- You will write a patient note for most cases using the USMLE Step 2 CS format. For grading efficiency, the note is written on the computer, but paper copies will also be available for hand-written notes if requested. Physicians score patient notes using a patient note rubric that evaluates history and physical exam written findings as they are related to the differential diagnosis and follow-up plan.
What are the criteria for passing the CPX?
In order to receive a Pass for the CPX, you must pass both domains that are being assessed on the exam: Patient Encounter Skills and Communication Skills.
Patient Encounter Skills and Communication Skills are assessed on each station and your score across all of the stations will determine your final score for the examination. Your scores will be compiled from checklists completed by the standardized patients (physical exam and communication skills) and from scoring of the patient write-up by faculty on the OSCE committee (history, physical exam, differential diagnoses). Consistent with other national OSCEs and Step2CS, scoring checklists cannot be released following the exam. OSCE cases are reused across the curriculum.
What if I don‘t do well on a particular case?
Not doing well on one case will not affect whether you pass the CPX! The criteria have been set so that weak performance on one or even three cases will not justify a recommendation for remediation. Therefore, during the CPX, do not let one poor performance on a given case influence your performance on other cases.
What if I don‘t pass the CPX?
Student performance on the CPX will be reported as Pass or Not Meeting Passing Criteria. Students who do not meet passing criteria may be given an opportunity to pass a retake exam after the mandatory remediation. Other students interested in polishing their skills in a performance exam may also be invited to participate in the CPX remediation.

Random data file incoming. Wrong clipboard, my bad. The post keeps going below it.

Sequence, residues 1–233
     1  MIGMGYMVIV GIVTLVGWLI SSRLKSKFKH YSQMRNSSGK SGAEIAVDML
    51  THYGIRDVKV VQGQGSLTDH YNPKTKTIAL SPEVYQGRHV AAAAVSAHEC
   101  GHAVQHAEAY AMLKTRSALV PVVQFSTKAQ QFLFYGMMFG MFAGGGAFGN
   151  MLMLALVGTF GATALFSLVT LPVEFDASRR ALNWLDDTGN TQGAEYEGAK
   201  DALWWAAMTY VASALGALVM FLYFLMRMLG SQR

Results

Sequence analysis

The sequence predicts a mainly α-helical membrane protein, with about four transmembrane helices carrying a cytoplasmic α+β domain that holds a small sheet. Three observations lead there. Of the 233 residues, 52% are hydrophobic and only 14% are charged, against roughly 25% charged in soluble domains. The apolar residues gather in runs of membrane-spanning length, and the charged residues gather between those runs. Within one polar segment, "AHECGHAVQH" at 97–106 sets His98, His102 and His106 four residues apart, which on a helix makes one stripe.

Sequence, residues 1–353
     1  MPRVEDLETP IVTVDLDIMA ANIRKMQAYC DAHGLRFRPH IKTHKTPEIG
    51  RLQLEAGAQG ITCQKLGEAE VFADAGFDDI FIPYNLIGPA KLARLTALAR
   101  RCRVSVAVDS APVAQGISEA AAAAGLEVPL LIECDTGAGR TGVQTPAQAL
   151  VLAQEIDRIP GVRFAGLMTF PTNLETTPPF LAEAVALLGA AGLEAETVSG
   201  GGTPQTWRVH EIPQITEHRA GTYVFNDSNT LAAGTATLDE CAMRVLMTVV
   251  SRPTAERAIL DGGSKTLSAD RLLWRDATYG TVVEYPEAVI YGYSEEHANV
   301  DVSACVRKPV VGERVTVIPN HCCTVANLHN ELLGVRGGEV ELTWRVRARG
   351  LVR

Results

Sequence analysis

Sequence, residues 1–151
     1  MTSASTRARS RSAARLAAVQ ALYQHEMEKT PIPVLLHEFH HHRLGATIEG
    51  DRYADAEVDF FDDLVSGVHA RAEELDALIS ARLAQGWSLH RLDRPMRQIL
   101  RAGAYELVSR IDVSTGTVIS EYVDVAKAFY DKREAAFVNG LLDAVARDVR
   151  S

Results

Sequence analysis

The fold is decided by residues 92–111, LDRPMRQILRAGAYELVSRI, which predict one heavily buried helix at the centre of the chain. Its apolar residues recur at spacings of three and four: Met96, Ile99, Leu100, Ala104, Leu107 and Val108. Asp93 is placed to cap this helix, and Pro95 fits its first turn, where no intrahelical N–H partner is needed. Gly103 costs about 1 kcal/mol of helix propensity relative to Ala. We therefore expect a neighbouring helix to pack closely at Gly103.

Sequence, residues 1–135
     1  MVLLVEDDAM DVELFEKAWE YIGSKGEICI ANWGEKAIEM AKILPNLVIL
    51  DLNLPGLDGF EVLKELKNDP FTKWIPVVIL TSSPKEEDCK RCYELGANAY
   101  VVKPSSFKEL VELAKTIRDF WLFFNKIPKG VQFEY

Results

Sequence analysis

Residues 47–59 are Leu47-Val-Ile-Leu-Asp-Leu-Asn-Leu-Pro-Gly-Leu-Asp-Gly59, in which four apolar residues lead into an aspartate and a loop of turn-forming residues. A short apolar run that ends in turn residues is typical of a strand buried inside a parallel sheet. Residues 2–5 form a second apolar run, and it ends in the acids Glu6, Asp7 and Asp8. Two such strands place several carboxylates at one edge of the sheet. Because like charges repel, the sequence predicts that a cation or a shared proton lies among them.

What are some common mistakes students make during the CPX?
- Not performing all important physical examination procedures.
- Assuming that no physical signs or symptoms will be present because the case is a simulation. This is not true!
- Taking a disorganized and/or incomplete history from the patient.
- Narrowing too quickly to a specific diagnosis when more assessment is needed.
- Ruling out alternatives prematurely.
- Forgetting to include follow-up in the management plans.
- Forgetting to wash your hands in view of the patient.
- Requesting labs, tests, and procedures that are unwarranted or unjustified.
What should I bring to the CPX?
Please wear your white coat, and bring your stethoscope and ID badge.
You may not bring any outside materials or electronic devices (including even the most basic of watches or cell phones) into the testing area. You will not have access to the Internet during the CPX.
When will I complete the CPX?
The CPX is scheduled a month or two in advance by all students receiving a link to a scheduling webpage where they can rank their top choices for times and mark one date as impossible. The final schedule is then created and sent to the students by email. Further scheduling conflicts can be resolved by students switching times and informing CSC staff (email@example.com).
Students are excused from ALL clerkship duties on the date that they are scheduled to complete the CPX. Students are also excluded from on-call duties the evening prior to the CPX session.
What if I’m on an out-of-town rotation?
Students who are attending away rotations are required to return to Charlottesville to complete the CPX.
What If I have questions or concerns regarding the CPX?
If you have scheduling question or concerns, contact:
Director of Clinical Skills